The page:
Let's just get this out of the way: Impire does not hold a candle to Dungeon Keeper, neither in its design nor its execution. Like ripping off a sticking plaster, it's best to break the news quickly. It might sting a little, but it's best to tear away that hope so that we can start the healing process proper. With that out of the way, let's establish what Impire is rather than what it isn't.
Impire tells the story of Baal, a demon summoned from the depths of hell by an inept magician named Oscar Van Fairweather. Together, Baal and Van Fairweather plot to exert dominion over the land of Ardania. They must also return Baal to his former, formidable, flame-wreathed self after the summoning process inadvertently shrinks him to a diminutive imp with a comical wiseguy accent. These nefarious goals are achieved through a mix of dungeon-building, real-time strategy and a sprinkling of role-playing game elements. Don't get your hopes up, though - it sounds a lot more promising than it is.
The storyline is, by turns, cutesy-evil and outright depraved. Objectives range from the hostile takeover of a booze business to the hijack of medical supplies that are on their way to an orphanage. Much of the story is delivered via long-winded exposition that quickly becomes tiresome; animation loops are frequently repeated while crass jokes, poorly conceived puns and modern-day memes spew forth from the characters' unmoving lips.
It's not Dungeon Keeper, but Cyanide's RTS summons the spirit of Molyneux's classic.
Morality is a complex thing. I don't think we should be quick to judge and, in particular, I don't think you should be quick to judge me just because I happen to enjoy my new job as a dungeon master. I know how it looks when teams of warriors, wizards and priests travel great distances to find me and to fight me, only to find themselves pressed into service as dummies in my training room, but I want you to remember that these people are hunting me in my own home. They're walking through corridors that I carved myself and trashing all the facilities that I painstakingly assembled and arranged. They're ruining my mushroom-based economy and for this there must be Consequences.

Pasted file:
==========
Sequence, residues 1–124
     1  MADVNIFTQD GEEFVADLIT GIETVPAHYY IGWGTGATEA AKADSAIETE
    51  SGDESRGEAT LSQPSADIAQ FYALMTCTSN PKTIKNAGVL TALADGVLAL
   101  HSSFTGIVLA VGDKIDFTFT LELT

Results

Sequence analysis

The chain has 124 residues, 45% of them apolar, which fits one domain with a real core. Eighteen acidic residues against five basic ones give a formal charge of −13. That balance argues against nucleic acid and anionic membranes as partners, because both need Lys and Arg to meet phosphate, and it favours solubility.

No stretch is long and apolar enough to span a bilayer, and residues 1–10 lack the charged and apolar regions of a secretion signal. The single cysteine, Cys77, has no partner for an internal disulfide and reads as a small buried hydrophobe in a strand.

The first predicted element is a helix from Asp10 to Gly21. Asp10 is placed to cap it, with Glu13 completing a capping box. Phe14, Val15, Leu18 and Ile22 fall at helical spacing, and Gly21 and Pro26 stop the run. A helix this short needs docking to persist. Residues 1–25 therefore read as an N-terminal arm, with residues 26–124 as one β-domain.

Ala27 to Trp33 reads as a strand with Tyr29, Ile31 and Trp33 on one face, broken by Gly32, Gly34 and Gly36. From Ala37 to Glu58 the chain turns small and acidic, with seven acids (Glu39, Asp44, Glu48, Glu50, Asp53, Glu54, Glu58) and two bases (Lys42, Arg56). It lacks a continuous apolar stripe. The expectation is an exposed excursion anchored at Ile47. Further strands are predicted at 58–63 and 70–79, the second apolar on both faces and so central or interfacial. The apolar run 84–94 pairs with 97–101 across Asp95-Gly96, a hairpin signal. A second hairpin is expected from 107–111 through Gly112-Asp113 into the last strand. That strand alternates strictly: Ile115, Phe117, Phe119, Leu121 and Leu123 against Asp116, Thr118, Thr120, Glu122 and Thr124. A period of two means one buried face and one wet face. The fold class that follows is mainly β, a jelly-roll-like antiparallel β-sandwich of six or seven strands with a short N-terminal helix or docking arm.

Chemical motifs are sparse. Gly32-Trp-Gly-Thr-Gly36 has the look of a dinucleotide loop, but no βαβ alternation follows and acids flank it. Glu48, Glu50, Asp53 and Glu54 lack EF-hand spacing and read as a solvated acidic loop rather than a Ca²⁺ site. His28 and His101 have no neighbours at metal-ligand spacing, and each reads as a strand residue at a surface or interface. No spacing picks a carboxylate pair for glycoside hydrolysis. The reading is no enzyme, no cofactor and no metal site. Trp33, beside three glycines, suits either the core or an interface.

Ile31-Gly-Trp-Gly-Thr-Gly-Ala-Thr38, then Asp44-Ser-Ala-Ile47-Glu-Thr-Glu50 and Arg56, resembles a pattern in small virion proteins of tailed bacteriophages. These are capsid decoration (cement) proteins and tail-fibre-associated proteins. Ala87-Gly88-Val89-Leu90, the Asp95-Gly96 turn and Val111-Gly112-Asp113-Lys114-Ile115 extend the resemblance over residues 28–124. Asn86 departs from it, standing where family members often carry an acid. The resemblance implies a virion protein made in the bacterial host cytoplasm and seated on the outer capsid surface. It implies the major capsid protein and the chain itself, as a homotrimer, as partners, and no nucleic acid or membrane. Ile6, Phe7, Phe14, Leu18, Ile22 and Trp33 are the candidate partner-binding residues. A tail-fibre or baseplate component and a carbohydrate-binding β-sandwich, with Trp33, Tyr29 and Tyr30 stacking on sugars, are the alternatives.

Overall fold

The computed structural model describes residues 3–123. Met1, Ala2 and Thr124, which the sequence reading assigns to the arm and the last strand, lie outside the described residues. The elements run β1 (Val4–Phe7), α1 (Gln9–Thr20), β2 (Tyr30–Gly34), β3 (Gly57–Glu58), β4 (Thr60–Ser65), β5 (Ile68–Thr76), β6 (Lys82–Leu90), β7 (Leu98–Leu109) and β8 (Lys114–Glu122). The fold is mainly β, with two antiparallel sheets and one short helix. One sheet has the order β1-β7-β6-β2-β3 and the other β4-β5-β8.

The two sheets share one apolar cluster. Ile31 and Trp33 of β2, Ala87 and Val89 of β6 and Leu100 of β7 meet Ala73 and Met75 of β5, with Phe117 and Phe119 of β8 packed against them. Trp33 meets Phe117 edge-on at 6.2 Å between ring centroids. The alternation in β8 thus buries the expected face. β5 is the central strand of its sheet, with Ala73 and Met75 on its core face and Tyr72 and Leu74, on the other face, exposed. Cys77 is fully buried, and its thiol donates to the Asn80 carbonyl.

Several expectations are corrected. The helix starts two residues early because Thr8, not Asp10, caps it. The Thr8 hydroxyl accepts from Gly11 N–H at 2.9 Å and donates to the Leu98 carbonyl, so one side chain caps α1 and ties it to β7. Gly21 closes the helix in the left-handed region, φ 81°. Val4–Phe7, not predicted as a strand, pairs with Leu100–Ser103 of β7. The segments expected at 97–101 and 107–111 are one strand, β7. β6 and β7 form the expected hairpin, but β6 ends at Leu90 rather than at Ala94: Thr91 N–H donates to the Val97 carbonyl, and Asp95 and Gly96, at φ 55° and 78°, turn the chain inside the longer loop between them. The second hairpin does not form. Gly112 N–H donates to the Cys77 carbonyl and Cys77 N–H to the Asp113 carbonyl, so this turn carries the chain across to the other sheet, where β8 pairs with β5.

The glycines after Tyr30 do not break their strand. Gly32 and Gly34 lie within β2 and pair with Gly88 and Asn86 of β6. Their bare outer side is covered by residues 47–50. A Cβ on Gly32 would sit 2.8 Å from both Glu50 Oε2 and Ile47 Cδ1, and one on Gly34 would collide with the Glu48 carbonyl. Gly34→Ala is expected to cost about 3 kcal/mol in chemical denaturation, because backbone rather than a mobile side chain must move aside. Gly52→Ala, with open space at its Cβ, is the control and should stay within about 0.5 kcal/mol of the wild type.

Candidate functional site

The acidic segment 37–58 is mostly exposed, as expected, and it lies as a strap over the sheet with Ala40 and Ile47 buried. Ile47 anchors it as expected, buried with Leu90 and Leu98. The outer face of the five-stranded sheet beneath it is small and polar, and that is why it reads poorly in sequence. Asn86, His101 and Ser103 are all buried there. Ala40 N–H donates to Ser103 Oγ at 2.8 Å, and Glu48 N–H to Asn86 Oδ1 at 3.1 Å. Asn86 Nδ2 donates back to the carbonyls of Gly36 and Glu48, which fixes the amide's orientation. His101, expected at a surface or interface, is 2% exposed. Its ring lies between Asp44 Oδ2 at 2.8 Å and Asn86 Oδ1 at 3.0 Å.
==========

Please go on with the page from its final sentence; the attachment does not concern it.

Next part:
Look around. I built all this myself, mostly with my own money (a small percentage of that may technically have been plundered, but I don't have those figures to hand right now) and these people are ruining my livelihood, the job that I've come to love, and I really do love it. When Milton wrote that it's better to reign in Hell than to serve in Heaven, I think he was saying that there's a lot more to enjoy when you work down under. There's less bureaucracy, fewer forms to fill in and more of a laissez-faire philosophy. Who cares if I cut a few corners? Or people?
Impire is a mission-based game of real-time dungeon construction and defense, of carving out self-sufficient subterranean lairs and making sure they weather the challenges of the day, be those rival dungeon masters or wandering heroes looking for loot. For those of us of a certain age, the premise behind Impire, plus its often gruesome sense of humour, will immediately summon memories of a certain classic of years gone by. If Peter Molyneux's Dungeon Keeper is not the elephant in the room when I talk to Yves Bordeleau, director of Cyanide Studios, it's certainly a demon that he's all too happy to summon up. Clearly there's some inspiration there, he says, but he's keen to exorcise the idea that this is any sort of modern-day remake. The theme is the same, but the execution is quite different.
Game of Thrones developer Cyanide is working on a PC strategy game called Impire due Q1 next year, publisher Paradox Interactive has announced.
The game will put players in the role of a demonic lord named BŠal-Abaddon trapped in the body of a lowly imp after being summoned by an incompetent sorcerer.
BŠal-Abaddon is a tricky bugger though and quickly rises to power in the imp community, where you must utilise his underlings to protect the demonic compound from invading would-be do-gooders. This involves laying traps, learning spells, commanding troops and constructing your fortress.